For a simple velocity function, then, we could just calculate a linear relationship between these two. Generally, though, keyboards offer a variety of velocity “curves” which create different effects by having different relationships between key speed and MIDI velocity. The music recording website soundonsound.com has a good explanation of why this is the case.

## The generation game

Calculating values along these different curves may be expensive in CPU-cycle terms, and we need to preserve responsiveness to make our keyboard an effective musical instrument. We can’t have calculations slowing down the output of a note when a key is pressed. For this reason, we’re going to precalculate our curves and use look-up tables.

Microsoft Excel is a great tool to use for something like this. We can easily play with different formulae and values, see the curves presented graphically, and then even generate the code we’ll need to include in our program.

My first attempt at translating the curves from the soundonsound.com article into my own curves was based on “powers” of the speed of the press. This is basically because I thought the Convex graph looked a bit like a graph of the square root of x (x^0.5), and the Concave graph looked a bit like a graph of x squared (x^2). The saturated graph is similar to the convex graph, but saturates at maximum volume beyond a certain threshold. (The actual powers used aren’t 0.5, and 2, I adjusted them to improve the curve shape, but they are similar.)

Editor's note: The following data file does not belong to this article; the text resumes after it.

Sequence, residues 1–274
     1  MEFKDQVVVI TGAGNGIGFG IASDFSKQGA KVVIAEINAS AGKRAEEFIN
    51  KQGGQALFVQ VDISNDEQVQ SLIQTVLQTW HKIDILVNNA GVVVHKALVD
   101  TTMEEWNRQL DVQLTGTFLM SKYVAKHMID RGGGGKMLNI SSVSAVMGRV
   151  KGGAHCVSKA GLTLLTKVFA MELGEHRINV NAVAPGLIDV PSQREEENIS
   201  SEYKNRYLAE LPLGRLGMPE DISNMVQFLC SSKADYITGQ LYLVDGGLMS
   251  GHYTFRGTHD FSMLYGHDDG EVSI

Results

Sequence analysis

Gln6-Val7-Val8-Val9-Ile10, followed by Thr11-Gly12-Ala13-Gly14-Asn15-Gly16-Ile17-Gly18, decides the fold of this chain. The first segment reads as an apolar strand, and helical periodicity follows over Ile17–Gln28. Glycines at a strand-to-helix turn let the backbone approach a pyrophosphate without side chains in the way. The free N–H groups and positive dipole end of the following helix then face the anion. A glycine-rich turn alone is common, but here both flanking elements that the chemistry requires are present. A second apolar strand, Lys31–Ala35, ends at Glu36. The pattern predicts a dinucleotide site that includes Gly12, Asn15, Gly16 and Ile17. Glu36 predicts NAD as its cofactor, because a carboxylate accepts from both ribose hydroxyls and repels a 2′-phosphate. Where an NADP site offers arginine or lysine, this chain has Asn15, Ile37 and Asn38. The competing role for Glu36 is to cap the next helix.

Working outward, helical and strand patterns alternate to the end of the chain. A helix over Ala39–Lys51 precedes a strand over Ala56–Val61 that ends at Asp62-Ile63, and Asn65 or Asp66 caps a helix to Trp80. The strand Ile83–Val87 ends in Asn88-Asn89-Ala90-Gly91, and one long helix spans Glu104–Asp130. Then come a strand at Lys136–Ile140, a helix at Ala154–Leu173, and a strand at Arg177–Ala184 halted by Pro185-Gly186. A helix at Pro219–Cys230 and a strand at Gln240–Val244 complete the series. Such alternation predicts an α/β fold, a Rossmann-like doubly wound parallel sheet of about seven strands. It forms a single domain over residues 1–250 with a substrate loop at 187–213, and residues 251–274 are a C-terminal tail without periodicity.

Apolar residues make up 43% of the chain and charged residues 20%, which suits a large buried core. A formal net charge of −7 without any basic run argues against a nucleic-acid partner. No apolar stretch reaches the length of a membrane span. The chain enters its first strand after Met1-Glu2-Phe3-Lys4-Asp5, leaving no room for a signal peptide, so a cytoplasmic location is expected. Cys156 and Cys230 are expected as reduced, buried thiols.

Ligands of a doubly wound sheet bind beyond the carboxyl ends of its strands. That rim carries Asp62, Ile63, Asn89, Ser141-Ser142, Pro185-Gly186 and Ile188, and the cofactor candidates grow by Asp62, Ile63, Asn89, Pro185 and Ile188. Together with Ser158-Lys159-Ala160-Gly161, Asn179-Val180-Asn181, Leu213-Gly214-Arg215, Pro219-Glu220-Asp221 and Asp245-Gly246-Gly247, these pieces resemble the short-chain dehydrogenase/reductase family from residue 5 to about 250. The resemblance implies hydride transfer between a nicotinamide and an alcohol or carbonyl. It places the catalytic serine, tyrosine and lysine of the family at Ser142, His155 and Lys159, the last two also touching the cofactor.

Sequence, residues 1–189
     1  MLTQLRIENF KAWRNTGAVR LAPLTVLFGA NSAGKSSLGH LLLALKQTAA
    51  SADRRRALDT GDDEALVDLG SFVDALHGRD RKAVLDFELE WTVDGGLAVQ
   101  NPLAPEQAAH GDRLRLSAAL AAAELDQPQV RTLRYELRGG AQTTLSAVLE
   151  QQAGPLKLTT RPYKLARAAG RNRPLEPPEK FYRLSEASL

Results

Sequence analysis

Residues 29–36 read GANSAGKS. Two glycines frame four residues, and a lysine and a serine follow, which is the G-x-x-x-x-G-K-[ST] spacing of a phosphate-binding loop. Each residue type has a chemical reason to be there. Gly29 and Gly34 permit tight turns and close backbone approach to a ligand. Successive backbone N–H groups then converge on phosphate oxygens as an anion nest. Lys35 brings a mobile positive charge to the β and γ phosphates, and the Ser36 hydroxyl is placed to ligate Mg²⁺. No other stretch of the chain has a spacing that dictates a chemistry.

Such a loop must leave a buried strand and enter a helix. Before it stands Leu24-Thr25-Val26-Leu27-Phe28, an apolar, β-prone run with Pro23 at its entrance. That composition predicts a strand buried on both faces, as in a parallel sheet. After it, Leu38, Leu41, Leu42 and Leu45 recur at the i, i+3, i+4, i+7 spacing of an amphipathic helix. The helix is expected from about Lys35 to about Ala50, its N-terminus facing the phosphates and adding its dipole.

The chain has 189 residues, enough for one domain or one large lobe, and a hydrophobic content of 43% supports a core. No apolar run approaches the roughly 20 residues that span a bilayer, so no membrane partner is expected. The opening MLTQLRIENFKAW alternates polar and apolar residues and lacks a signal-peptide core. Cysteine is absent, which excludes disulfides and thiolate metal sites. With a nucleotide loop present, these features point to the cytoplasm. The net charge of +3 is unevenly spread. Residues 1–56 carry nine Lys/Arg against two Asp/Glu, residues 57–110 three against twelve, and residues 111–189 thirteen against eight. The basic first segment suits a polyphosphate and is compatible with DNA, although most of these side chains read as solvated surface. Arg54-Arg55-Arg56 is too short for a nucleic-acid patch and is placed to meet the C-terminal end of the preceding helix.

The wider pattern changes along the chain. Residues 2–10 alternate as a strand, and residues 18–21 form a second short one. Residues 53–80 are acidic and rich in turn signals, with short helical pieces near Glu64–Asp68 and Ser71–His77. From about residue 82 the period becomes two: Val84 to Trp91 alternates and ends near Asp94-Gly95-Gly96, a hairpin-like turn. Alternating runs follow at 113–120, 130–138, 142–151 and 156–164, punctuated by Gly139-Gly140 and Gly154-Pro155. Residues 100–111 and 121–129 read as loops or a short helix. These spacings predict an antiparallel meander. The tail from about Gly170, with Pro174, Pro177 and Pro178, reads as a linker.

The graphs looked like this:

I think the Concave curve looks fine, but for me the Convex curves don’t seem quite right. The saturated curve should have a smoother transition at the threshold. (I’ve omitted the linear curve, surprisingly, it looks like a straight line!)

I then tried curves based on trigonometric functions. Functions based on sin(x) were used for Convex and Saturated, and on 1-cos(x) for Concave. This gave the following graphs:

These Convex curves are much better, but I prefer the original Concave curve, so will stick with that one.

## Excel to C

Now I have a spreadsheet containing a list of all the values I want in each array, generating C code to produce them is nice and easy. The latest versions Excel have a new function called TEXTJOIN which allows all of the members of a range of data to be joined together in a string, separated by a given delimiter, a comma in my case.